I’m assuming this isn’t a new thing to other writers and their processes, but at least I learn something new every day.

What’s the Next Step?

Project #1 was pitched last year. There seemed to be one editor interested in it. I went away on vacation in August, hoping to get a call from my agent that never came. That project has now been tossed in the archive…maybe some day, if I ever get published, someone will want to trot out a collection of my early work. If not, it’ll just rot.

Project #2 has now run its course. At least at the “Big 6” level. And at least through its first round of submissions. The question now is what to do with it next. Like I mentioned yesterday, there’s talk of trying to sell the film rights. I’m waiting to hear from the LA office about what that might entail. I’ve heard they want a “happy ending” for Hollywood, instead of the realistic ending I slapped on it. My question is, why rewrite it at all? Aren’t the film people going to just do whatever they want with it once they secure the rights? Maybe they’ll like my current ending. Maybe they’ll like everything. Hell, maybe they’ll go in and change all the characters names and ethnicities and have it take place on a cruise ship in the middle of the Arctic Ocean. At that point, check in hand, what do I care?

On some level, my agent is thinking about asking me to do a more substantial rewrite and try to re-submit it to the two or three editors who said “I might be interested IF…”, but I’m not sure I have it in me. There’s an old saying that’s been attributed to William Faulkner (or Twain or Fitzgerald or King or Christie or Nabakov) that says “Kill your darlings.” It’s meant as a warning to writers to not hold on to some bit of plot or character or dialogue just because you may like it. Don’t try to wedge it into your story because you think it’s so clever. If it doesn’t work, scrap it.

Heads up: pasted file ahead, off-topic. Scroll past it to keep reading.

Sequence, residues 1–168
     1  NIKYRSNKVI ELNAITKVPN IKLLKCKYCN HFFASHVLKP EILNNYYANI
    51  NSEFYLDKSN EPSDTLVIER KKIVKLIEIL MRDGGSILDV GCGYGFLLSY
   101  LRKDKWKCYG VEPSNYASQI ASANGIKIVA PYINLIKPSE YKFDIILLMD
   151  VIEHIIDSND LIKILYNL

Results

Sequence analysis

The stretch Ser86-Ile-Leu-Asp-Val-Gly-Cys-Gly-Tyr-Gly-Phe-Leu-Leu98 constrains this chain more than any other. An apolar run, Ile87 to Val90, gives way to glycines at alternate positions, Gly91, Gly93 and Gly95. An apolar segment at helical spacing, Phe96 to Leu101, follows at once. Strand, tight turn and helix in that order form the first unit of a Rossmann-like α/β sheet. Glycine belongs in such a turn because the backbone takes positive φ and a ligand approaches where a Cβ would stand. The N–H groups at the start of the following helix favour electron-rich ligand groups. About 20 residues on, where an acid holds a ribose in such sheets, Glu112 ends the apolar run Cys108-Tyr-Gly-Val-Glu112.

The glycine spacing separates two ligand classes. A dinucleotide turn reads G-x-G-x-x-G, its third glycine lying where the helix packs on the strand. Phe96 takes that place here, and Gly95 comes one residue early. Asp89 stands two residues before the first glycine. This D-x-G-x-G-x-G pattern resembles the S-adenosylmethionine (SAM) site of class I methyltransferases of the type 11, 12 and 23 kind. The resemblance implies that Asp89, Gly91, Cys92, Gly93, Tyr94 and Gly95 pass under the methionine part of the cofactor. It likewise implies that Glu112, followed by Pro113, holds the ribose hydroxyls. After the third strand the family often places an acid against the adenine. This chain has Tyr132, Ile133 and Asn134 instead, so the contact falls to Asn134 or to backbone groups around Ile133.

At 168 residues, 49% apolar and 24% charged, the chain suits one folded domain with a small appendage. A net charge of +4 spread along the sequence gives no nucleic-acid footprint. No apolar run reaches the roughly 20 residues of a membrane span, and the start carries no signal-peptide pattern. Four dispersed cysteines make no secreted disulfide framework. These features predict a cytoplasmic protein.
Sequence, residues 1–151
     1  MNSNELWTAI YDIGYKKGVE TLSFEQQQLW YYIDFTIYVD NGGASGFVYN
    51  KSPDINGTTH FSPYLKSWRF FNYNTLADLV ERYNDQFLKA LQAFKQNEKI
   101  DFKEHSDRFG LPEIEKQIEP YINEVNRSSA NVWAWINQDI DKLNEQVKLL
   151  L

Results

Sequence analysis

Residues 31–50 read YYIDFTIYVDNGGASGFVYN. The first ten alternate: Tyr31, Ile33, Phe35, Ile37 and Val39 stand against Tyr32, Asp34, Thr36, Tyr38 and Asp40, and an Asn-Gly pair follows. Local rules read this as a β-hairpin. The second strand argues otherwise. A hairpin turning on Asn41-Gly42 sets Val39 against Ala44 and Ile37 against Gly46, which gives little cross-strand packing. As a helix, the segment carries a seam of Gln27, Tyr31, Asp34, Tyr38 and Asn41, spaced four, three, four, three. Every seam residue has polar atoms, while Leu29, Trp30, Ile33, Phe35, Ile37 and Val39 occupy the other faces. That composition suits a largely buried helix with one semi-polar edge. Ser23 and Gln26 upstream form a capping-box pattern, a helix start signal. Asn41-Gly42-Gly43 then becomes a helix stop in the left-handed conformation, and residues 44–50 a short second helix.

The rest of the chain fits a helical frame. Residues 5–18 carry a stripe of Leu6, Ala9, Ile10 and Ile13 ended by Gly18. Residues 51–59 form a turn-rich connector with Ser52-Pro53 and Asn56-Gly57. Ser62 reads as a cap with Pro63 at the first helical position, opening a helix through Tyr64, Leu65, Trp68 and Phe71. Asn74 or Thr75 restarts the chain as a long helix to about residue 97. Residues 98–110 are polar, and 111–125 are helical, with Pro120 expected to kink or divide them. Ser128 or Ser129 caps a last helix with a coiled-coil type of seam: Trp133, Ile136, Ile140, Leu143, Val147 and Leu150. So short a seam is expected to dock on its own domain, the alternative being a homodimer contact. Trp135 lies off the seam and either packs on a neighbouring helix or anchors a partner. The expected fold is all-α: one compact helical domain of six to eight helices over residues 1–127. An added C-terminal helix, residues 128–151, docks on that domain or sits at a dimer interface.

After having an idea in your head for more than 10 years and finally getting it out on paper, there’s a finite amount of additional time you’re willing to spend with it before it bores you, angers you, or disappoints you. I’m approaching that limit faster than a greased seal going through a bobsled course. When I conference called that one editor, and he was feeding me ideas for making the book stronger, I was all on board. When that editor ultimately failed to come through with an offer, I was deflated. Not sure I see the point of going through it all again on the slim chance it may succeed.